Third Word on the Cross: “Behold thy Mother!” – Lenten Meditation

Third Word on the Cross: “Behold thy Mother!”

1st Prelude. Look at Our Lady and St. John at the foot of the cross.

2nd Prelude. Ask for an increase of love for Jesus and Mary.

POINT I. “Now there stood by the cross of Jesus His Mother.”

CONSIDERATION. His Mother stood by the cross. Here we must pause and consider two admirable and apparently incompatible things: Our Lady’s extraordinary grief, and her heroic courage. It is difficult to conceive how she, the most loving of mothers, could behold her Son nailed alive to the cross, and suffering a three hours’ agony, and remain standing beneath it. Many painters, it is true, have depicted her fainting and overwhelmed at its foot, but without any Scriptural warrant. St. John says explicitly she stood; and the Fathers agree that, standing thus, though, according to the prophecy of Simeon, her whole soul was pierced through as by a sword, she united herself to the sacrifice of her Divine Son.

APPLICATION. This supernatural strength was certainly the effect of a miracle of grace; but was no less also the fruit of her fidelity under all the trials which her faith and constancy had before suffered. God gives His graces in proportion to our correspondence with them. Let us also be generous and steadfast under our more ordinary trials, and we shall be strengthened under greater ones. Look back on your past life, and you will be convinced of this truth.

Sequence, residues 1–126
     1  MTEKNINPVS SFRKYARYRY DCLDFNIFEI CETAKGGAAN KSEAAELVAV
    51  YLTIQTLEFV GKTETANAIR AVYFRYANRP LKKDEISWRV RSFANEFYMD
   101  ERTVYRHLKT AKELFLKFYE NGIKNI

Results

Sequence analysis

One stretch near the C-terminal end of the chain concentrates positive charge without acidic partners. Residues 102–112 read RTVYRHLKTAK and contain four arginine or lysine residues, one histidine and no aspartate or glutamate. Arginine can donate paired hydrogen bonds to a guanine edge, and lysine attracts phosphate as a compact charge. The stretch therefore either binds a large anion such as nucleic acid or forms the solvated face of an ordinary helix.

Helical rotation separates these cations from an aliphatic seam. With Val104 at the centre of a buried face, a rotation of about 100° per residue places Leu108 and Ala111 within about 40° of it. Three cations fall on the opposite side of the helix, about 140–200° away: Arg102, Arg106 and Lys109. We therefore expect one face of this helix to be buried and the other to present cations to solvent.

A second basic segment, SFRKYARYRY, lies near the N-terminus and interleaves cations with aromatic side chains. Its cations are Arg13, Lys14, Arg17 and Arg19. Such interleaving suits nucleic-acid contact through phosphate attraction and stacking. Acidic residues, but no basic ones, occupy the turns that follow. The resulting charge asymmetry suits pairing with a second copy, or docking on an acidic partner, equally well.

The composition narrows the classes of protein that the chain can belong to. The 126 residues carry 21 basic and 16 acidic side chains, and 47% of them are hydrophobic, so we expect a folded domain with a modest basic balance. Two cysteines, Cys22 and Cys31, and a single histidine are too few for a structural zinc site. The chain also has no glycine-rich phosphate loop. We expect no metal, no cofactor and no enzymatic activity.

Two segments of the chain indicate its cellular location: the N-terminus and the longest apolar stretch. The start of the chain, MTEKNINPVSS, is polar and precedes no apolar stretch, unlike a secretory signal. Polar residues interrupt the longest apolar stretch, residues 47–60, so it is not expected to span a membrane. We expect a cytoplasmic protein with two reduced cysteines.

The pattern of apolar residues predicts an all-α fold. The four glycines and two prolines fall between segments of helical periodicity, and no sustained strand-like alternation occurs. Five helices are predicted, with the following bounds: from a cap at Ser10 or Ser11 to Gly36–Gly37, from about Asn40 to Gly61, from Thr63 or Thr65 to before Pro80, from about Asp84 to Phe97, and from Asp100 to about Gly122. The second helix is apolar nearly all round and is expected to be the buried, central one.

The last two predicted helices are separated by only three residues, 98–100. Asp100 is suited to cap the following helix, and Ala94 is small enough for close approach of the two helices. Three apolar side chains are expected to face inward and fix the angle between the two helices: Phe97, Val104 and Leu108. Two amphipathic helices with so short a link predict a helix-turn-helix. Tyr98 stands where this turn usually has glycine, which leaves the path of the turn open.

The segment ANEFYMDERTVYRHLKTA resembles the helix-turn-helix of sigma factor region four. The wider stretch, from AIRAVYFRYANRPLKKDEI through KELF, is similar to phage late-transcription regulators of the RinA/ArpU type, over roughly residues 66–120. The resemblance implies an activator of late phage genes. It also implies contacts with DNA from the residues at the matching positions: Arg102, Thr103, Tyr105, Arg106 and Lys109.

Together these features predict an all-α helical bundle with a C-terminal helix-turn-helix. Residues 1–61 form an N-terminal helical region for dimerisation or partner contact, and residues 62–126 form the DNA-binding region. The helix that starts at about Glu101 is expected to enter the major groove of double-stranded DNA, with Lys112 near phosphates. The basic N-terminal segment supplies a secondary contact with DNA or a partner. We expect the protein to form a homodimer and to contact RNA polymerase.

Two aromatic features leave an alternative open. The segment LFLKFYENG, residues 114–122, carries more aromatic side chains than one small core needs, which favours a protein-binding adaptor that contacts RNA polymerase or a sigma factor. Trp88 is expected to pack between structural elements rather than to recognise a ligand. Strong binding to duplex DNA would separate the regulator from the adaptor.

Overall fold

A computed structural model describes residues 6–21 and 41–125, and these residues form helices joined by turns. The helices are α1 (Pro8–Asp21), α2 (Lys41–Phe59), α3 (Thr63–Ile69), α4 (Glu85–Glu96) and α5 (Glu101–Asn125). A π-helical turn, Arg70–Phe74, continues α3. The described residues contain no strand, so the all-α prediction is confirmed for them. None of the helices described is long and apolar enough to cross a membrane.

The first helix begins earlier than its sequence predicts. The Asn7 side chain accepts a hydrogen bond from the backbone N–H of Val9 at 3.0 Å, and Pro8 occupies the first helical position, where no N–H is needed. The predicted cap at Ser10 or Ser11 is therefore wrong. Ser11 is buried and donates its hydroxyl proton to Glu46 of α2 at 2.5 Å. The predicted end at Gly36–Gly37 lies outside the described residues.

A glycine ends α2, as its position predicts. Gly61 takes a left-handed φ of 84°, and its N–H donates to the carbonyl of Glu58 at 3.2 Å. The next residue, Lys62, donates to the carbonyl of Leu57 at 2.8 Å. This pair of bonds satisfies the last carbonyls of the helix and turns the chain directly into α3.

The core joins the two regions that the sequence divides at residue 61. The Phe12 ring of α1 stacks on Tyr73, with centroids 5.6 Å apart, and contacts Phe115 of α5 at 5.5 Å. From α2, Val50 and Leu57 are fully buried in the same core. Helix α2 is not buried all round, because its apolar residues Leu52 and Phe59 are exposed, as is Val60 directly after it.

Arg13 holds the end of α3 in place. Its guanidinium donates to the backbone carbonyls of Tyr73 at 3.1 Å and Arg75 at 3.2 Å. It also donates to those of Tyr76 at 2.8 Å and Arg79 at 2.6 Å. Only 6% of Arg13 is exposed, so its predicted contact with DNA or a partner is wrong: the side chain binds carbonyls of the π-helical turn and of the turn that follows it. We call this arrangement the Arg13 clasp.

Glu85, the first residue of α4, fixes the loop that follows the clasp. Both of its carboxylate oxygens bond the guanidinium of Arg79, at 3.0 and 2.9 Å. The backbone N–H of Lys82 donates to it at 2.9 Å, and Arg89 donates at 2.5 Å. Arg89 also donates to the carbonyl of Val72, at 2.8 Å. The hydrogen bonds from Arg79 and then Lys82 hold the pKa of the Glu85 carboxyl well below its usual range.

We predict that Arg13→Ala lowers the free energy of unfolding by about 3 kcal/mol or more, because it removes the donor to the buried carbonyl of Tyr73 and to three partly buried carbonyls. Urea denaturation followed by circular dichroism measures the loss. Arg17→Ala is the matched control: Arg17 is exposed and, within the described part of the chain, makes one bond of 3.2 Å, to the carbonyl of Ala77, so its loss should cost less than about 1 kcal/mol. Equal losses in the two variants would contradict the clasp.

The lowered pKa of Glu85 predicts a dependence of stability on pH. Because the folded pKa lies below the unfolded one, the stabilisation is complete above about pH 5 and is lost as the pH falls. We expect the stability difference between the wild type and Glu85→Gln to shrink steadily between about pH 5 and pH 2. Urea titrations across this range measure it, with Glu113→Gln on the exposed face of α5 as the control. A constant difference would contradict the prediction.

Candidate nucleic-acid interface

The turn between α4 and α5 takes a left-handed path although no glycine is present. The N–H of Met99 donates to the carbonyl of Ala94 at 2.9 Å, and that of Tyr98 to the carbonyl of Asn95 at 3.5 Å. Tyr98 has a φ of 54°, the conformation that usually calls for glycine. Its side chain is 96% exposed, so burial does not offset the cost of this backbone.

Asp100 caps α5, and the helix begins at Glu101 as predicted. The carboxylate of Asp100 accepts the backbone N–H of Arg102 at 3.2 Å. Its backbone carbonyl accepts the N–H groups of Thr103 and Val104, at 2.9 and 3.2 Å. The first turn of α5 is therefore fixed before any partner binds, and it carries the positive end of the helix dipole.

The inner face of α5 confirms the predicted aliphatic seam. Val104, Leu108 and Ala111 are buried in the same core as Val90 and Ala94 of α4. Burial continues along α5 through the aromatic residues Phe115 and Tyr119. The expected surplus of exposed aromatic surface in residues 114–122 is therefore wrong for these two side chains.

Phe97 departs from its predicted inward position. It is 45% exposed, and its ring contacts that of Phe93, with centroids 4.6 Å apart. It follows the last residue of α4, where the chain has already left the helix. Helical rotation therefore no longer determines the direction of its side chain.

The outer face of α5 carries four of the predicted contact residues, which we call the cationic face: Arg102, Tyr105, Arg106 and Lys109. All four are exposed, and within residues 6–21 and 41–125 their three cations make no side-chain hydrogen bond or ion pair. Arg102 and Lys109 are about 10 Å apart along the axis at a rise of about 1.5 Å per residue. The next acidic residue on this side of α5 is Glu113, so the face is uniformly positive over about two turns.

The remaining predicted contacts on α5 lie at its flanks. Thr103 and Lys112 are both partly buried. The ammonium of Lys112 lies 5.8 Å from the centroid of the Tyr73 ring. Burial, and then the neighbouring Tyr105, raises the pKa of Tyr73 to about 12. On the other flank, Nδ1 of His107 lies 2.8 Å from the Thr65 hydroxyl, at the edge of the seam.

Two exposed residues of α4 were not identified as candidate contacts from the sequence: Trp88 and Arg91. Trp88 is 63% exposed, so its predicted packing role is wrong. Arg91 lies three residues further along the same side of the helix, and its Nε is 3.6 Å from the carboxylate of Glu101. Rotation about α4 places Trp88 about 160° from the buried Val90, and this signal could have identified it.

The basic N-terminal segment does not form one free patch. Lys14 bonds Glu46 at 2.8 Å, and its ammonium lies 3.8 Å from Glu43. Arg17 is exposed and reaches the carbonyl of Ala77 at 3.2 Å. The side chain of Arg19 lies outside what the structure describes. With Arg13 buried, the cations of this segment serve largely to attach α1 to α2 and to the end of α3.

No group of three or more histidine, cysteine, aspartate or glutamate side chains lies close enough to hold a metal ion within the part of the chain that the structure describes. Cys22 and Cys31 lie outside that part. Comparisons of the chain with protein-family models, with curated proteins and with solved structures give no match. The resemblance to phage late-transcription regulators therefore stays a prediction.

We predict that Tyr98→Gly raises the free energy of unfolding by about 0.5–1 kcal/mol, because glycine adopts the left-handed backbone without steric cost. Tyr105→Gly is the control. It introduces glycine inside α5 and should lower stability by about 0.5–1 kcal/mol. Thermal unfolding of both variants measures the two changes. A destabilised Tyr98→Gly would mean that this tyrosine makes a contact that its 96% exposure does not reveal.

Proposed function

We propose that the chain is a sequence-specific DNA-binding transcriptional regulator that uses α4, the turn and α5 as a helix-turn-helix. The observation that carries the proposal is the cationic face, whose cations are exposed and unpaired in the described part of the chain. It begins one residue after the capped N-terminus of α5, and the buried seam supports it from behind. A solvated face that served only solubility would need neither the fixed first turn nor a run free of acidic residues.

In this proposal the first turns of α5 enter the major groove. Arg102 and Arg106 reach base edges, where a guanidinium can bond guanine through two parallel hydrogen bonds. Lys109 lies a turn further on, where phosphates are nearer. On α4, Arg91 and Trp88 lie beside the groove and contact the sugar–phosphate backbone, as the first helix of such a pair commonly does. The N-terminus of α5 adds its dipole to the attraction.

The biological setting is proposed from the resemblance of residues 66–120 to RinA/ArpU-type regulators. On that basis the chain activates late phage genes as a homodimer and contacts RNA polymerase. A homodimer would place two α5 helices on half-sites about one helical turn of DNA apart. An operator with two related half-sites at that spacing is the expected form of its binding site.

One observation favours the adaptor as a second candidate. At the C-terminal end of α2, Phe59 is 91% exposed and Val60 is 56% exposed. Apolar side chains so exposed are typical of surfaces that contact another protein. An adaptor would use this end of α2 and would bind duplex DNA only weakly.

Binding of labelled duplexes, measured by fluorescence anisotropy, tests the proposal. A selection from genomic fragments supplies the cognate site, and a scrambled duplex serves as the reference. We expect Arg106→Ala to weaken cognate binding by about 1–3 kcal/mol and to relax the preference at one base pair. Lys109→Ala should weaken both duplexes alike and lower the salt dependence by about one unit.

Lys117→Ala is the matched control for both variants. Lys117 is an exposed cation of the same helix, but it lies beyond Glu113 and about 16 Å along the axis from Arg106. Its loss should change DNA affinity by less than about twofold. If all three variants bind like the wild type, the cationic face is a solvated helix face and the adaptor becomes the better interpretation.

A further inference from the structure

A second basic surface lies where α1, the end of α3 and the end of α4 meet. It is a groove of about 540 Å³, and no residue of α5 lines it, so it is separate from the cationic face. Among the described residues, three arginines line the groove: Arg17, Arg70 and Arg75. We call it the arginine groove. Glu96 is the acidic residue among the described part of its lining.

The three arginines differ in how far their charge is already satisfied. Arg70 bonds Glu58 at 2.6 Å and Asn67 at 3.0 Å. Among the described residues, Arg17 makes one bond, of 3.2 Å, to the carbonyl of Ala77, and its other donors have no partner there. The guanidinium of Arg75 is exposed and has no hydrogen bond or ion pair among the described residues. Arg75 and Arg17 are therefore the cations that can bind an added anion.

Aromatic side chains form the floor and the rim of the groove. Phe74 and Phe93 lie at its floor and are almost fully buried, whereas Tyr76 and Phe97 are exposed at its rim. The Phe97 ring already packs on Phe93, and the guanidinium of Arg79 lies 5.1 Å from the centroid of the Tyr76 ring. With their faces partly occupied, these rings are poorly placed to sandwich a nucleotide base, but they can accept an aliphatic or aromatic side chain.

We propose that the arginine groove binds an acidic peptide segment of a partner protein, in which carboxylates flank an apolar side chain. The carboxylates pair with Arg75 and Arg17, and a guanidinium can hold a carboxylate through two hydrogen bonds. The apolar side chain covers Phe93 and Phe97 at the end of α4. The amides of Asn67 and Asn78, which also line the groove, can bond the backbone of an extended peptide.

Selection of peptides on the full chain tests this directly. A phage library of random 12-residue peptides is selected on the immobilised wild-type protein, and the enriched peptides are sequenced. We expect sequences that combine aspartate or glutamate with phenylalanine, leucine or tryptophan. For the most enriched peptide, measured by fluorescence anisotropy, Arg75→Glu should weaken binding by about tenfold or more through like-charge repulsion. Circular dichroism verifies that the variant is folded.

POINT II. “When Jesus therefore had seen His Mother and the disciple standing whom He loved, He saith to His Mother: Woman, behold thy son.”

CONSIDERATION. Admire the calmness of Jesus, who forgets Himself in the midst of His agony, to recommend her to the care of His virgin disciple, who was henceforth to sustain and console her to the end of her life. “Woman, behold thy son!” And at that moment He filled the heart of the beloved St. John full to overflowing with the tenderest and most generous love that ever son felt for this admirable Mother.

APPLICATION. Here our Lord teaches us to rise above our own sorrows, or rather to put them aside and forget ourselves for others. In giving His Mother merely the name of Woman, He would have us understand the less we act by the impulse of merely natural affection, the more we may rely upon His power to supply our needs and upon the protection of the Mother He has given us.


POINT III. “After that, He saith to the disciple: Son, behold thy Mother.”

CONSIDERATION. Our Lord, having cared for His afflicted Mother, bethought Him of His beloved disciple, and wishing to give him a last mark of His love, places Our Lady from henceforth under his protection. “Behold thy Mother” are the words with which He turns His dying eyes on St. John; words full of consolation for us all, for the Fathers unanimously concur in believing that our Lord here used St. John as the representative of all the faithful, and that from this moment He filled the heart of Mary with an overflowing love for mankind, so that her Maternity became, in a certain degree, as unlimited as the Divine Paternity itself.

APPLICATION and COLLOQUY of love, devotion, and confidence in our Blessed Mother.

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